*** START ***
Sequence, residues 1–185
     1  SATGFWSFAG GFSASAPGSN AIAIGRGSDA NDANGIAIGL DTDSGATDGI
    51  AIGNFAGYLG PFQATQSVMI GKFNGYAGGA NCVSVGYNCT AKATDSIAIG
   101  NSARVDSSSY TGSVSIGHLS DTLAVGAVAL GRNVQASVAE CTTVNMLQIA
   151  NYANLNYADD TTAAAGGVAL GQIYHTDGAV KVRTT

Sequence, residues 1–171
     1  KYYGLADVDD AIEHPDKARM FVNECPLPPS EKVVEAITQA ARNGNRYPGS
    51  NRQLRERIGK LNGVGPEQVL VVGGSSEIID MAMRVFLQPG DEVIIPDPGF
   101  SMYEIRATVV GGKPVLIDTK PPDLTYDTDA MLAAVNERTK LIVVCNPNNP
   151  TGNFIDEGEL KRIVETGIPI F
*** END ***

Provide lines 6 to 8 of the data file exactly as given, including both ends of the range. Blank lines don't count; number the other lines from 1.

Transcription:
Sequence, residues 1–171
     1  KYYGLADVDD AIEHPDKARM FVNECPLPPS EKVVEAITQA ARNGNRYPGS
    51  NRQLRERIGK LNGVGPEQVL VVGGSSEIID MAMRVFLQPG DEVIIPDPGF